By R. Kurt Osenlund | Indiewire April 30, 2013 at 12:35PM
Pierce Brosnan gained global fame as James Bond, and earned his best critical kudos as an unraveling hitman in "The Matador," but the actor's fans may well find his turn in "Love Is All You Need," a Danish film set in Sorrento, Italy, to be their favorite Brosnan performance. Directed by Dogme 95 veteran and Oscar winner Susanne Bier ("In a Better World"), this sweet-and-sour, Murphy's-Law dramedy casts Brosnan as Philip, an irritable English widower and produce salesman stationed in Denmark. Philip heads to Sorrento for his son's vacation wedding, and comes across humble hairdresser Ida (Trine Dyrholm), the Danish mother of the bride, in a classic meet-cute. The movie proceeds to reveal both families' mad ups and downs, including Ida's struggle to bounce back from cancer, and her husband's flagrant flaunting of his young mistress.
Bier largely achieves a fine tragicomic balance, transcending clichés of character and plot by digging up true humanity. For Brosnan, it proved an opportunity to bare emotion in a way he never has before, resulting in some of his most affecting work. The material hit close to home, as like Philip, Brosnan saw his first wife, actress Cassandra Harris, pass away, succumbing to cancer in 1991 (the actor has since remarried, wedding journalist Keely Shaye Smith in 2001). Passing through New York to promote his endearing new project, the dapper Irish actor caught up with Indiewire at the Waldorf Astoria Towers, and chatted about how life influences art, how he finally got around to watching his Bond successor, and how he faked his way through starring in a (partially) foreign-language film.
It's great to see you in this exotic production with all these international stars. How did you and Susanne Bier first connect?
My agent called me up and said, "Susanne Bier wants you for a movie called...'Bald-Headed Hairdresser.'" I knew of Susanne's work, and I'd been aware of all the Dogme film developments—followed the rise and great success of these filmmakers. So I knew her film history and liked her work very much. I read [the script], and I thought, "Beautiful. Brilliant. Poignant. How do I fit in here?" I didn't want to rock the apple cart as an Irishman amidst all this wonderful story that is so Danish. But she said, "Don't you worry about that. You'll be fine. Come and join us." So I hopped on a plane and I did.
Your character, Philip, is this closed-off curmudgeon—an appropriately sour lemon salesman. It's an archetype we've seen a lot of on screen. What was your approach to putting your own stamp on it?
Read the script, listen, and tap into your own story of life. There are many emblems in this film that I could identify with—being a father, being a single parent, losing a wife (in my case, to cancer), trying to find love, being disillusioned by love, meeting the wrong people, getting on with your own life and working, the trials and tribulations of trying to keep a business together (in Philip's case, this fruit and veg business that he has in Copenhagen), having a son that you're distant from. I've lived a fair bit of life myself, and you use of yourself, within the context of the story.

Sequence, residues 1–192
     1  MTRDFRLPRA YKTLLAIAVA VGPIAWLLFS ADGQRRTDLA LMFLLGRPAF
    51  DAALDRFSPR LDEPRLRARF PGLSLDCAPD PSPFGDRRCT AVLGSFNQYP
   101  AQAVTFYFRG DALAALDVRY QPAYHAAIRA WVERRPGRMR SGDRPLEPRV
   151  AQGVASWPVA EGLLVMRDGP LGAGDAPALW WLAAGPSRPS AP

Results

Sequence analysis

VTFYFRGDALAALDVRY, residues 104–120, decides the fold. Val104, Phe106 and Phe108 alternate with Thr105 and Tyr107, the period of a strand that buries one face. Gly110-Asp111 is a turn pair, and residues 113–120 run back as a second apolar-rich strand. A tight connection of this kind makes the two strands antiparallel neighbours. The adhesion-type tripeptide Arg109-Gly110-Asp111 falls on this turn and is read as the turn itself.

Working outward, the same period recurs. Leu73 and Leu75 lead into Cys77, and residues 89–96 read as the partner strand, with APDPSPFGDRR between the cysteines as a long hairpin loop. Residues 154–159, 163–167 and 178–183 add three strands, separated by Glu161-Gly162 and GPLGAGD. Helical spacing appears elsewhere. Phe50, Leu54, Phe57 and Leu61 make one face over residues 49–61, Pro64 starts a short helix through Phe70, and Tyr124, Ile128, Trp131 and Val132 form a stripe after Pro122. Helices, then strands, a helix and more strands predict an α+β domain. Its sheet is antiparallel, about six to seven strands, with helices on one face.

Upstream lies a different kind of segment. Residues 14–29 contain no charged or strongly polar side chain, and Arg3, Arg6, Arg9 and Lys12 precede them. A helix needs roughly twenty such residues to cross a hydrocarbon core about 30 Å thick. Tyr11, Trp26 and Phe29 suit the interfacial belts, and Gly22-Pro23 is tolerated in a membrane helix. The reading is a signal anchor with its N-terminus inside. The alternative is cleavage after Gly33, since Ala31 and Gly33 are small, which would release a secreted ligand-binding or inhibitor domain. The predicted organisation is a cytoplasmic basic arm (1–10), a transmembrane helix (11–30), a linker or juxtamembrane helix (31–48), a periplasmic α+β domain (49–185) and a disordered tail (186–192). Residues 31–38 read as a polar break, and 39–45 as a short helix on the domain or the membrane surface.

I was going to ask you about the loss of your first wife, Cassandra. There's a great scene in the movie that sees Philip recall his wife's death, and it's a really vulnerable moment, perhaps one of your best as an actor. Did you find yourself accessing a lot of your own pain when shooting that?
Well you access as much of yourself as possible in the parts that you play. In that particular scene, in that particular moment, yes, there's a certain reflection of what happened in my life. You use, as they say, sense memory, to express what is on the page, whether it be a Jacobian tragedy, or Shakespeare, or, in this case, a contemporary piece of writing. You use the emotions and the memories that have had some resonance in your life.
Save for the last scene, I don't think there's ever a time when Philip isn't wearing blue. Is that something you and Susanne discussed extensively—the wardrobe and the colors?
She did it. That was her, yeah. And Signe [Sejlund], the costume designer. My dear friend. Beautiful woman. She created the palette with Susanne. Susanne only wanted me to have a blue suit. So I wore the same costume.
And everyone in the film has blue eyes.
Do they? Well, you know...Danes. But, no, being a clothes horse myself, I thought, "Oh, I'll have a costume here and a costume there." But she said, "No, just keep that suit." And I thought, "Okay, fair enough" And it made sense.
Some people might not know that you're an artist and a painter as well. Do you feel like that makes you hardwired to appreciate projects like this—films with distinct color palettes?
No, but I do like them. One of my films, "The Matador," had a distinct palette—high tone, saturated color. I love color. When I paint, I use a lot of color. I love art that has a vibrancy of color and compositions. I adore the Impressionists, and I'm influenced strongly by them as a self-taught artist. For this particular film, I wasn't thinking about the color scheme; I just was thinking about the characters, and how to make it meaningful on a day-to-day basis.